`I just realized my code review request has hijacked Dara's Random Forest thread. Future discussion of my code should go into a new thread.`

Daniel,

I haven't read all the above comments, but this may help on the dates alignment: at the bottom of this Wiki page in section "Second attempt at replicating Ludescher et al" the link strength I calculated and the NINO34 index are plotted together.

`Daniel, I haven't read all the above comments, but this may help on the dates alignment: at the bottom of this [Wiki page](http://www.azimuthproject.org/azimuth/show/Experiments+in+El+Ni%C3%B1o+analysis+and+prediction+) in section "Second attempt at replicating Ludescher et al" the link strength I calculated and the NINO34 index are plotted together.`

The work of Ludescher leaves nagging suspicions that dipoles of the opposite sign can contribute significantly to the prediction algorithm. Consider that if El Nino events happen roughly every ~4 years, then the dipolar complement will peak at points halfway between these events, or at ~2 years. Some of Ludescher's warning events are also at 2 years; this means that the early warning could be just as well be a La Nina dipole phantom. As an example, one such dipole could be a Darwin hotspot outside the NINO3.4 region. Add this to the built-in autocorrelation of an individual event and it gets tricky to extract causality.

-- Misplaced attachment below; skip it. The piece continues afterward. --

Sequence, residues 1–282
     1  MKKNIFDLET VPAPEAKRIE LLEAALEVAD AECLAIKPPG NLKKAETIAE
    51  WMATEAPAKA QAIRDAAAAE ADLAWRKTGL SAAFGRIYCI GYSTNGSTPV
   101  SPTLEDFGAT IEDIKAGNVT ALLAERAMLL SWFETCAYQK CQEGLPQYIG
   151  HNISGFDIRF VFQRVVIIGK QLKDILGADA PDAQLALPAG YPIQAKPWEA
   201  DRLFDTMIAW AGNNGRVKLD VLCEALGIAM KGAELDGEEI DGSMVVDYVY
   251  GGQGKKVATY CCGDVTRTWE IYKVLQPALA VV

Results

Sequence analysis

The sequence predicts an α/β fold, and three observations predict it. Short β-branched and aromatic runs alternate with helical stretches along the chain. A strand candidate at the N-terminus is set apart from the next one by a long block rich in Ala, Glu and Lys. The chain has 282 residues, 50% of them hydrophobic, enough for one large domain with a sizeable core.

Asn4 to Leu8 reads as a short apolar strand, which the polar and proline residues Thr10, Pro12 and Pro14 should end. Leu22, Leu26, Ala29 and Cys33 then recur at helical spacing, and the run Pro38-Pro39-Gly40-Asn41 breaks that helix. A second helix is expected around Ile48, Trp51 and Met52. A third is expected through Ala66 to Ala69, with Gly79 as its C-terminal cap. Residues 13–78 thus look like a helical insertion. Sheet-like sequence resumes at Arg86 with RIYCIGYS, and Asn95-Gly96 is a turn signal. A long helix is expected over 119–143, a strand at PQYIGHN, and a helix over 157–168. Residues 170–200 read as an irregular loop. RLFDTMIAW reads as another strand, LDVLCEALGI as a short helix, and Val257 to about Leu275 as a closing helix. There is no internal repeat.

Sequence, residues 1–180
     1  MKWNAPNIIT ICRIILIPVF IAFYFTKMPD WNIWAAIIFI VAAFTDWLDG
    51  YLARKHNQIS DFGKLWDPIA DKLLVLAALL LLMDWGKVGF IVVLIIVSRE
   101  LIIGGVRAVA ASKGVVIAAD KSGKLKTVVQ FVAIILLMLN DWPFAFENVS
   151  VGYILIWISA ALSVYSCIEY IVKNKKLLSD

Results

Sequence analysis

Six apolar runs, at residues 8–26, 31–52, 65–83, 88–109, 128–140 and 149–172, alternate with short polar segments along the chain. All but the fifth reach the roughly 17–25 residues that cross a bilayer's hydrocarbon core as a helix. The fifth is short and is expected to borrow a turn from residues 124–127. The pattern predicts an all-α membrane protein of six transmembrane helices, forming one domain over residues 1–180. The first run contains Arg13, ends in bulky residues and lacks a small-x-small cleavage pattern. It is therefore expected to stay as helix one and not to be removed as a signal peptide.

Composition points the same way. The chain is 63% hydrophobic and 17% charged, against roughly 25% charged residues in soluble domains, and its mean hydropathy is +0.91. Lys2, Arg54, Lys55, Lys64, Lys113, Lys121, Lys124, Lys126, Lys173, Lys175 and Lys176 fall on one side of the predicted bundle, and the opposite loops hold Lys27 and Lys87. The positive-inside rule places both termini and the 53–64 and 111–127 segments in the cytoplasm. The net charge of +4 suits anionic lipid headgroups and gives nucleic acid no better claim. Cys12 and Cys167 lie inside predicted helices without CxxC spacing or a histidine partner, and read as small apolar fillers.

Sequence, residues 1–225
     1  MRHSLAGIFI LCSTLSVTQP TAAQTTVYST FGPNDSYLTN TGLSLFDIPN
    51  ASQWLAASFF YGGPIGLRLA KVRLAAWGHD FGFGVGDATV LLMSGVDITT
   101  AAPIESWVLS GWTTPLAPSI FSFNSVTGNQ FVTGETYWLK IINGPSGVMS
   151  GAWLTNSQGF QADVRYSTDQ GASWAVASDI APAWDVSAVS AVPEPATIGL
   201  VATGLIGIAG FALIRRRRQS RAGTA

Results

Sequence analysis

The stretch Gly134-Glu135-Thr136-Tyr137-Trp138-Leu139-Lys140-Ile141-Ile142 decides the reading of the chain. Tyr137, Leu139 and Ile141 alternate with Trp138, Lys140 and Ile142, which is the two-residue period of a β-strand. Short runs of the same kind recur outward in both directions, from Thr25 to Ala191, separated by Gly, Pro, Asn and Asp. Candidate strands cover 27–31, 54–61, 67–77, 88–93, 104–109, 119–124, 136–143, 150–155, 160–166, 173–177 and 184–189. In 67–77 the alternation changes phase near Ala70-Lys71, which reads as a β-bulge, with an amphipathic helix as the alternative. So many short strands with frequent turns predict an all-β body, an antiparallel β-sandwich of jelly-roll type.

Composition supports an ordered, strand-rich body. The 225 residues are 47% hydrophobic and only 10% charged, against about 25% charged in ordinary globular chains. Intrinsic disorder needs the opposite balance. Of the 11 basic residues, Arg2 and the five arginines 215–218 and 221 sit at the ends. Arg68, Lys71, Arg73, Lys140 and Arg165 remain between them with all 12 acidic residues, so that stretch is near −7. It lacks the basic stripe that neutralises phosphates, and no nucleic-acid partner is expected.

Also don't forget to review Steve Wenner's analysis http://johncarlosbaez.wordpress.com/2014/07/23/el-nino-project-part-6/, which wasn't substantiating Ludescher's approach either.

In conclusion, Steve said

"I wonder if there are better ways to analyze these two correlated time series.". I think that Daniel Mahler is on to something with his approach, varying the cross-correlations over a sufficient time window, much longer than the 200 day lead that Ludescher limit it to. Who knows, there might be something else he comes across.It may be a little late in the game, but if I were to do this over, I would create a synthetic model of the ocean with a few strategic dipoles, such as at Darwin and one at Hawaii that Daniel discovered. Then see what the Ludescher algorithm yields.

`The work of Ludescher leaves nagging suspicions that dipoles of the opposite sign can contribute significantly to the prediction algorithm. Consider that if El Nino events happen roughly every ~4 years, then the dipolar complement will peak at points halfway between these events, or at ~2 years. Some of Ludescher's warning events are also at 2 years; this means that the early warning could be just as well be a La Nina dipole phantom. As an example, one such dipole could be a Darwin hotspot outside the NINO3.4 region. Add this to the built-in autocorrelation of an individual event and it gets tricky to extract causality. Also don't forget to review Steve Wenner's analysis <http://johncarlosbaez.wordpress.com/2014/07/23/el-nino-project-part-6/>, which wasn't substantiating Ludescher's approach either. In conclusion, Steve said *"I wonder if there are better ways to analyze these two correlated time series."*. I think that Daniel Mahler is on to something with his approach, varying the cross-correlations over a sufficient time window, much longer than the 200 day lead that Ludescher limit it to. Who knows, there might be something else he comes across. It may be a little late in the game, but if I were to do this over, I would create a synthetic model of the ocean with a few strategic dipoles, such as at Darwin and one at Hawaii that Daniel discovered. Then see what the Ludescher algorithm yields.`